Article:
The Masque of Augurs follows the conventional structure, beginning with two ‘anti-masques’, demonstrating the unruly and confused state of the land before Stuart reign. ‘Low’ characters bandy words with a Groom of the Kings Revels, putting on a display of dancing bears, swaying to the music of a rude ballad. The second anti-masque begins, where ‘a perplexed dance of straying and deformed pilgrims taking several paths’ occurs. The end of the anti-masques are signalled by the magnificent arrival of Apollo, descending from the heavens on a cloud. He summons his children – the muses, personifications of the arts, who sing a chorus to King James on his throne. Then, Prince Charles and the aristocratic masquers process into view, lit by torchbearers. They are all wearing white satin and taffeta costumes, with feathered caps, ornamented with strips of silver ‘tincell’. Their bright and glistening costumes in the firelight give them an otherworldly appearance. The exquisitely garbed masquers dance, and include a dance of augury (divining a glorious future for the Stuart monarchs). Apollo steps forward and sings to the king on the same theme, and is joined from the heavens above by Jove and the Earth. The masquers dance a final dance, and the masque concludes, with the audience themselves taking to their feet to join in.
The masque’s main, rather unsubtle, message, was of the semi-divine nature of the Stuart’s rule, and how things augured well for the future of the dynasty. However, other messages were also communicated. Prince Charles dancing with his lords, before the king, represented the future of the Stuart dynasty, and reflected on the hopes of a marriage for the heir to the throne, to ensure the continuation of the dynasty. They were performing as a college of augurs – ancient Roman soothsayers, predicting a wondrous future. There are references in Jonson’s libretto to the performance taking place within the new Banqueting House – the building itself a classical reference to Stuart justice and wise rule, through its architectural ancient Roman basilica design.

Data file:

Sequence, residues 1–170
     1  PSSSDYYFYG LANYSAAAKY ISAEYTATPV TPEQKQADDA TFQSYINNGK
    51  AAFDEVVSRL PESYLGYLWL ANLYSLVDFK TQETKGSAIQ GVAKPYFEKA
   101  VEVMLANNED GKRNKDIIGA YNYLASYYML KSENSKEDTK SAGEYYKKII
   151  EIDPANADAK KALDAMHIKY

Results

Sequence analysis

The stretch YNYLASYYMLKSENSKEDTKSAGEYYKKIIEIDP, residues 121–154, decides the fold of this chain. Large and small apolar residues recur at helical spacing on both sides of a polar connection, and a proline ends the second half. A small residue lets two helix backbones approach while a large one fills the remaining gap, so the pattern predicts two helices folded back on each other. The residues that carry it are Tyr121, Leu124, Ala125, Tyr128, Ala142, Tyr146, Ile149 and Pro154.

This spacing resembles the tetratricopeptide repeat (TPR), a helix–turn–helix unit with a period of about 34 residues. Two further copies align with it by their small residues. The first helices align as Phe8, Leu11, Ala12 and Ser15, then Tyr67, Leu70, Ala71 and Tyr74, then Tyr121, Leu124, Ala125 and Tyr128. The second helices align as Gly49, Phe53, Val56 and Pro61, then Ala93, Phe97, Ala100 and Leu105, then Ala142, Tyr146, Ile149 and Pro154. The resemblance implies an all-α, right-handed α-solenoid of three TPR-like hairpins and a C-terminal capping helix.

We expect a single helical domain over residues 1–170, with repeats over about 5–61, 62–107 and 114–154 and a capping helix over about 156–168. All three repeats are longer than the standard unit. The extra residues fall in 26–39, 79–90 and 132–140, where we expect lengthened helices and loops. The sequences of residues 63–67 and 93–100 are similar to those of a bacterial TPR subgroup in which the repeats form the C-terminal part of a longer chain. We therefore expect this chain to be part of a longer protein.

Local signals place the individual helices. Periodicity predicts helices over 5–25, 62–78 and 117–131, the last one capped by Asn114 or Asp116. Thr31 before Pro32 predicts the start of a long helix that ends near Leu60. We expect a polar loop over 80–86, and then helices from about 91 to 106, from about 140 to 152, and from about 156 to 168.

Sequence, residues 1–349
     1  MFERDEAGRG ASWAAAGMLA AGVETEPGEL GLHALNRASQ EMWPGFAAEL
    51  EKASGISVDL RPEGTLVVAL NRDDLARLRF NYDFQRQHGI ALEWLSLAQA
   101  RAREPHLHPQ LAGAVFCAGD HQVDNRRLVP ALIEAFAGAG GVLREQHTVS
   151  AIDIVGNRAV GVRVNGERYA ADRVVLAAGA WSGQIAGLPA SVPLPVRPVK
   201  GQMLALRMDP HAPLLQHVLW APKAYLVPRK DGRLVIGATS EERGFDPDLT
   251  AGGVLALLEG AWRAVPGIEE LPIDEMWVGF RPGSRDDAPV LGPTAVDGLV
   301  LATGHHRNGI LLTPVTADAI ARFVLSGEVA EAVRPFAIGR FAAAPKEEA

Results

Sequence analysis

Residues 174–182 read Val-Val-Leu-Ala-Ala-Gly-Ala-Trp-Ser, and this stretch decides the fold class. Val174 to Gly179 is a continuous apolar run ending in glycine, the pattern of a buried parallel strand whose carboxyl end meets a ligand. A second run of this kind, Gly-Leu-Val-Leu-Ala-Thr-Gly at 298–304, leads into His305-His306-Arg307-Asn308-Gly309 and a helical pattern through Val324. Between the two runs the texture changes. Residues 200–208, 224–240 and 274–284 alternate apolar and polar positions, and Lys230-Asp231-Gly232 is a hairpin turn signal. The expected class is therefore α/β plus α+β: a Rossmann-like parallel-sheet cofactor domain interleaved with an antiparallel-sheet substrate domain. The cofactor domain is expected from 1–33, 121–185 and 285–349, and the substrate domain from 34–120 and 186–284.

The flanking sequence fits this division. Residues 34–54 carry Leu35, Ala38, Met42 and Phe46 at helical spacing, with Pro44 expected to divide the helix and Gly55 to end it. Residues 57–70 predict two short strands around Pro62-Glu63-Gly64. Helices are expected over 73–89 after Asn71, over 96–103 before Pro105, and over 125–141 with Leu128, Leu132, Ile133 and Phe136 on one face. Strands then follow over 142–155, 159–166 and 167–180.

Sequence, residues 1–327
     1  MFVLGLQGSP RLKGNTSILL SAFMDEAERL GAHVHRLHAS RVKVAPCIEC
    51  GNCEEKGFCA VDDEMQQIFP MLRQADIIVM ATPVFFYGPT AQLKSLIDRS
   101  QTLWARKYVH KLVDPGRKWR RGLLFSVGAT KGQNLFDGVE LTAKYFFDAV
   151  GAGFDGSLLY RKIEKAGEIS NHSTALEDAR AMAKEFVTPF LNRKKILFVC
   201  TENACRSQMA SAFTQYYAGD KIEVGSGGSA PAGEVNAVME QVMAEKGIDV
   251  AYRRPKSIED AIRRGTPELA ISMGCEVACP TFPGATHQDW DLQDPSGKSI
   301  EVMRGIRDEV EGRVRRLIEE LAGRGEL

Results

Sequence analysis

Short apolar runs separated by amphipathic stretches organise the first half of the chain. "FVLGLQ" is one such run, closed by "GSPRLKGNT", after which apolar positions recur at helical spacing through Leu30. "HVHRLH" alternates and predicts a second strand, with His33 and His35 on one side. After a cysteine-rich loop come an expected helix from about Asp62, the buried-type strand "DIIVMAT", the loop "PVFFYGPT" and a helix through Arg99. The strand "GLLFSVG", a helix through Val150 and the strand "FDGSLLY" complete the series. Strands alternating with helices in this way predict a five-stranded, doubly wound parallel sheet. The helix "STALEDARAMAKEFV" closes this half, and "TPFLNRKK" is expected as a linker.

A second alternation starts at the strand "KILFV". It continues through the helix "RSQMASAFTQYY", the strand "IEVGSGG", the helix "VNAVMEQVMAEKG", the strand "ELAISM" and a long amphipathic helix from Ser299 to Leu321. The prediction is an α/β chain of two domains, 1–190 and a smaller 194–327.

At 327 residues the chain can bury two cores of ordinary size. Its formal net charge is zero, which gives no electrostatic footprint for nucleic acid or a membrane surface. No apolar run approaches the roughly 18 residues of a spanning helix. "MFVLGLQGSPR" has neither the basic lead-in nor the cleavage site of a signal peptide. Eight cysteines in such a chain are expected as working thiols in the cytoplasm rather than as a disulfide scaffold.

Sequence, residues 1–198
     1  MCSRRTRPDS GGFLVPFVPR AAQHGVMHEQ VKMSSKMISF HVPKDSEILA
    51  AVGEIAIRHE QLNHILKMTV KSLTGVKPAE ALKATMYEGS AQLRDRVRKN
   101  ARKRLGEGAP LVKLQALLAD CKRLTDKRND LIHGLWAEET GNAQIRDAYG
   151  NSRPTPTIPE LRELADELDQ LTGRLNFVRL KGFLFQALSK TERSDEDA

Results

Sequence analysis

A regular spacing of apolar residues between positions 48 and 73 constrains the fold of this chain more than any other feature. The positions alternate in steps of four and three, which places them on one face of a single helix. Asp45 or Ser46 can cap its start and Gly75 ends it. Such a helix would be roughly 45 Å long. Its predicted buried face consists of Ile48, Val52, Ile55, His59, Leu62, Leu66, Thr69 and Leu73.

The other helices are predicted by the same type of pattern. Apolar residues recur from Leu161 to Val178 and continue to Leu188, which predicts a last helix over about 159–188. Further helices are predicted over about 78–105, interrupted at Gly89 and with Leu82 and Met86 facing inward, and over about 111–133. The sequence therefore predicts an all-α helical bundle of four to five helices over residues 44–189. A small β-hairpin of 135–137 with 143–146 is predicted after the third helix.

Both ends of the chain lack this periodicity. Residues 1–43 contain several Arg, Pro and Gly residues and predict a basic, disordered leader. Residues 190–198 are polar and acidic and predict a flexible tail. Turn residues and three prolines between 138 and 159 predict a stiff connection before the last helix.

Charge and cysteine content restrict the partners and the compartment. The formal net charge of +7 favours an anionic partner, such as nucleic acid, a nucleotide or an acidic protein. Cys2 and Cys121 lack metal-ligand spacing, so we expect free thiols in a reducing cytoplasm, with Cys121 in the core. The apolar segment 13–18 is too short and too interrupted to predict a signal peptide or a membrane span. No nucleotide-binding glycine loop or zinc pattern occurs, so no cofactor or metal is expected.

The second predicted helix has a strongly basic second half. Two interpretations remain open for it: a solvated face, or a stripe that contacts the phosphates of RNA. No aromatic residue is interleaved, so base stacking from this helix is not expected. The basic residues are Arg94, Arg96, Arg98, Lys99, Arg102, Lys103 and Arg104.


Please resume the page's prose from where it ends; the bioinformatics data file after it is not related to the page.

See and be seen
It is important to remember though, that whilst these lofty classical allusions were being enacted, the masque was also viewed at the time as a rather more worldly high-class party, where one should be seen, and seated to the best advantage. Even this inaugural masque in the king’s grand new building was marred by the invited ambassadors squabbling over their invitations and seating! The experience must have been very intense – no expense was spared, everyone was dressed in elaborate finery, the room, although vast, was hot and crowded, and filled with smoke from the flaming torches.
Banqueting House Repurposed
The Banqueting House fulfilled its role as a masquing house for fourteen years. However, that all changed when Rubens’ giant canvas paintings were installed in the ceiling. Now king, Charles I decreed that the smoke from the masques was too damaging for his expensive paintings, and a new building was constructed next door for them. The celebration of the Stuart dynasty continued to be performed above him, on the ceiling paintings, where the deceased King James was depicted ascending into the Heavens, to join the Gods who had formerly honoured him on Inigo Jones’s stage. Once Rubens’ paintings were installed, the Banqueting Hall became instead a grand presence chamber for the Stuart monarchs. Ambassadors were received with full pomp there. Also, the Banqueting House hosted quasi-religious royal ceremonies, such as ‘touching for the King’s Evil’ where the King would ‘cure’ his subjects of the disease, Scrofula, and on other occasions, dispense Maundy Money on Maundy Thursday. After the 1698 fire, the Banqueting House was converted into a Chapel Royal. It later became a military museum, and today is looked after as one of Historic Royal Palaces’ fabulous properties.
The King’s Final Performance
On 30th January 1649, Charles I walked for the last time across his Banqueting Hall, towards a scaffolding set up outside, upon which he was to be executed. I wonder if, in between the pangs of terror he must have felt before the axe descended, Charles remembered Twelfth Night 1622, when as a prince he danced an augury, predicting the long and fortunate reign of the House of Stuart.
Dr Jane Spooner
Former Head of Historic Buildings
The story of the Banqueting House’s construction can be read in an earlier blog, celebrating the 400th anniversary of the start of the building project